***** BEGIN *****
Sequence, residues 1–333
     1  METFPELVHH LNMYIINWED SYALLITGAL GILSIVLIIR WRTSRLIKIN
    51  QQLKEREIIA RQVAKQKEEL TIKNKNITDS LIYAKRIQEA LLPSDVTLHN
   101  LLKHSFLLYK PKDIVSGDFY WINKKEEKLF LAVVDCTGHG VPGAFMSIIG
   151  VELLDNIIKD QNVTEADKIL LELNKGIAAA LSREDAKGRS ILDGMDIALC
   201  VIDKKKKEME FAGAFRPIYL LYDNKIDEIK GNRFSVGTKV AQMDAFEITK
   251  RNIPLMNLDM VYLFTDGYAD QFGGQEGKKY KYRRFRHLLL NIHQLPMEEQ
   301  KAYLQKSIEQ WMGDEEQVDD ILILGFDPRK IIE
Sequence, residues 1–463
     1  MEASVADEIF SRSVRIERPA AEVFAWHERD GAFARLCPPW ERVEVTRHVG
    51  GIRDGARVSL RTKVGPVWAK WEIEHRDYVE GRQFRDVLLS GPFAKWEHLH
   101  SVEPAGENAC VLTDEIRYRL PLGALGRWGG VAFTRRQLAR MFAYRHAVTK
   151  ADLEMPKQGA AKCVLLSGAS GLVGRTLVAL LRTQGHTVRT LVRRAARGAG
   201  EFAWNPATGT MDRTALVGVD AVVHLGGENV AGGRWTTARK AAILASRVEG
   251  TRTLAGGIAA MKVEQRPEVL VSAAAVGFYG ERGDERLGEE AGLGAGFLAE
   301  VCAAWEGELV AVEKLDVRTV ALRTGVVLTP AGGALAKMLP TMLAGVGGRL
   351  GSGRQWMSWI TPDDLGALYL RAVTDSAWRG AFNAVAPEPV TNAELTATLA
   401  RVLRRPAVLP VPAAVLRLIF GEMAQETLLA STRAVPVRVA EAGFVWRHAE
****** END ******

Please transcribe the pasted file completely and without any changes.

Sequence, residues 1–333
     1  METFPELVHH LNMYIINWED SYALLITGAL GILSIVLIIR WRTSRLIKIN
    51  QQLKEREIIA RQVAKQKEEL TIKNKNITDS LIYAKRIQEA LLPSDVTLHN
   101  LLKHSFLLYK PKDIVSGDFY WINKKEEKLF LAVVDCTGHG VPGAFMSIIG
   151  VELLDNIIKD QNVTEADKIL LELNKGIAAA LSREDAKGRS ILDGMDIALC
   201  VIDKKKKEME FAGAFRPIYL LYDNKIDEIK GNRFSVGTKV AQMDAFEITK
   251  RNIPLMNLDM VYLFTDGYAD QFGGQEGKKY KYRRFRHLLL NIHQLPMEEQ
   301  KAYLQKSIEQ WMGDEEQVDD ILILGFDPRK IIE
Sequence, residues 1–463
     1  MEASVADEIF SRSVRIERPA AEVFAWHERD GAFARLCPPW ERVEVTRHVG
    51  GIRDGARVSL RTKVGPVWAK WEIEHRDYVE GRQFRDVLLS GPFAKWEHLH
   101  SVEPAGENAC VLTDEIRYRL PLGALGRWGG VAFTRRQLAR MFAYRHAVTK
   151  ADLEMPKQGA AKCVLLSGAS GLVGRTLVAL LRTQGHTVRT LVRRAARGAG
   201  EFAWNPATGT MDRTALVGVD AVVHLGGENV AGGRWTTARK AAILASRVEG
   251  TRTLAGGIAA MKVEQRPEVL VSAAAVGFYG ERGDERLGEE AGLGAGFLAE
   301  VCAAWEGELV AVEKLDVRTV ALRTGVVLTP AGGALAKMLP TMLAGVGGRL
   351  GSGRQWMSWI TPDDLGALYL RAVTDSAWRG AFNAVAPEPV TNAELTATLA
   401  RVLRRPAVLP VPAAVLRLIF GEMAQETLLA STRAVPVRVA EAGFVWRHAE